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FROM ONLINE TO ON THE RIVERFRONT: EC Vintage to Open Brick-and-Mortar Shop

previously online-based vintage clothing store amps up for July opening

McKenna Scherer |

NEW SPACE FOR VINTAGE CLOTHES. Eau Claire Vintage has seen incredible online success since its inception about three years ago, and now, it's opening its own storefront. (Submitted photos)
NEW SPACE FOR VINTAGE CLOTHES. Eau Claire Vintage has seen incredible online success since its inception about three years ago, and now, it's opening its own storefront. (Submitted photos)

If you dabble in the local vintage clothing scene and stay tuned into Instagram, you’ll have certainly heard of – if not already shopped – Eau Claire Vintage.  Since first starting up about three years ago, founder Mike Shoultz has graduated from UW-Eau Claire and continued to grow his business with partner and co-CEO Giana Giarrusso. Now they have the keys to their first storefront.

EC Vintage primarily used its Instagram page (@ec.vintage) to sell clothes through “drops,” posts made with photos of items and descriptions with sizing info in the captions. Within hours, if not minutes, every clothing item in nearly every drop sold. Shoultz and Giarrusso ran a handful of pop-up events as well, which ultimately led the duo to search for a permanent storefront for EC Vintage.

“About a year ago, almost to the day, we started looking for a space,” Shoultz said. “Our pop-ups had just grown to be too big. We had three different pop-up spaces; two in Banbury (Place) and another on Wisconsin Street, and each time, (crowds) got bigger and the square footage was never enough.”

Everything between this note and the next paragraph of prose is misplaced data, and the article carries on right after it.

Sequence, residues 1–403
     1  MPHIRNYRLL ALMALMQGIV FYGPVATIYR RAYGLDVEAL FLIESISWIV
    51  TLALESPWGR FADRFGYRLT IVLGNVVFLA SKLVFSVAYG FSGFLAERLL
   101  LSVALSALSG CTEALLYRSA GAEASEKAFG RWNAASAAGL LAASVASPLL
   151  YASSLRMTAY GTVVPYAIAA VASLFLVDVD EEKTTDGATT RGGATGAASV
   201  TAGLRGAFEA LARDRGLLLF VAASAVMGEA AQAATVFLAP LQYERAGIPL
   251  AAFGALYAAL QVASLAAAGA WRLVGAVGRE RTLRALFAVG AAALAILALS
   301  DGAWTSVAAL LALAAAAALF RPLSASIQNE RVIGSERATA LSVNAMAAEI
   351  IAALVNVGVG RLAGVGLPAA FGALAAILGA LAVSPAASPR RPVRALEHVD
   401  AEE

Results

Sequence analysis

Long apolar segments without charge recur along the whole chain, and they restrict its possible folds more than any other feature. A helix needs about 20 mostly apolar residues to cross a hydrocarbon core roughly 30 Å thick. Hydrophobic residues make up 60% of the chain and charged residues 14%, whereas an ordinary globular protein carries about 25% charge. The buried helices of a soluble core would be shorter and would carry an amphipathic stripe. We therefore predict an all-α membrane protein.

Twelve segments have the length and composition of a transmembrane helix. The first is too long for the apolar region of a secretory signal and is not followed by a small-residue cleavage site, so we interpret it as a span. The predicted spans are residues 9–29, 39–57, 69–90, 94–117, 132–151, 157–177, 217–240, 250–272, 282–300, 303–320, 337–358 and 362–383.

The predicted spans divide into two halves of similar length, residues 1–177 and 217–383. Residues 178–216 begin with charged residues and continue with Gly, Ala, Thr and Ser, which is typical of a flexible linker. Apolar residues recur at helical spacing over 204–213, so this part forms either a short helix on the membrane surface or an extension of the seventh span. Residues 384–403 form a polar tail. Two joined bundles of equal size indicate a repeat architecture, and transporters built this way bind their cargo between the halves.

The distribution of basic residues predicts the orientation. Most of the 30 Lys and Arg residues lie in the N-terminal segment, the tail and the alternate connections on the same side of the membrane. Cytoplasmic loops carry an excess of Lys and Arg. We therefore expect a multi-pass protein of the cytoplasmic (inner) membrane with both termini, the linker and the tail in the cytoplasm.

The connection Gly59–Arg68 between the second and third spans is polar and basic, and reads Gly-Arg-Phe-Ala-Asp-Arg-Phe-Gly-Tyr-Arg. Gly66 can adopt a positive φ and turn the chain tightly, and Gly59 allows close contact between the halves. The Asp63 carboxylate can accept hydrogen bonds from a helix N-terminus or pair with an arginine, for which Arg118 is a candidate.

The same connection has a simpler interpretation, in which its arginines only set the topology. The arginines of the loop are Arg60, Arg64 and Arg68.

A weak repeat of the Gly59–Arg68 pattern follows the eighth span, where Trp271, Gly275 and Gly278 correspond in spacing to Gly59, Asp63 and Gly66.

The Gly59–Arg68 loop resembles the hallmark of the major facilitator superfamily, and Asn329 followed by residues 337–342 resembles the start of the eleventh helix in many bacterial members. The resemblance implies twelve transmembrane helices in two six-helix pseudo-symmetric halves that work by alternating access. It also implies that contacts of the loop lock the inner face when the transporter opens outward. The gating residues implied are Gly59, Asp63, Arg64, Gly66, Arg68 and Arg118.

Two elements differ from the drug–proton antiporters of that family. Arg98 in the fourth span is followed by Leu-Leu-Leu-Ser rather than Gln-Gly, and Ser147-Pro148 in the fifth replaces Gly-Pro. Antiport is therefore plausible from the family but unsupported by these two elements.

The last pop-up EC Vintage held was last November. The space quickly filled with eager shoppers and a two-hour line wait formed. The pop-up served roughly 1,200 people. That pop-up was the final sign that there was a legit audience in the Chippewa Valley for EC Vintage, but also that they needed to find a larger space to serve shoppers.

“The pop-ups were not only a ton of work for me and my girlfriend, but the last one had 1,200 people come through in six hours. With hours-long waits, it was just inefficient and decreased customer satisfaction,” Shoultz explained.

“The amount of customers that would show up was truly unbelievable,” Giarrusso added. “People waited in line in the rain, just to come through.” 

“So, that was where the need (for a permanent retail space came from). It was just time,” Shoultz said.

EC Vintage will also be selling shoes, a new addition, Shoultz said.
EC Vintage will also be selling shoes, a new addition, Shoultz said.

After finding not much space was available for a retail storefront in the Eau Claire area about a year ago, Shoultz heard about a new apartment building under construction in downtown Eau Claire – the Andante (100 N. Farwell St.) – which would also have three micro-spaces for businesses. Shoultz and Giarrusso moved quickly on the opportunity, knowing the spots would be gobbled up quickly once word spread.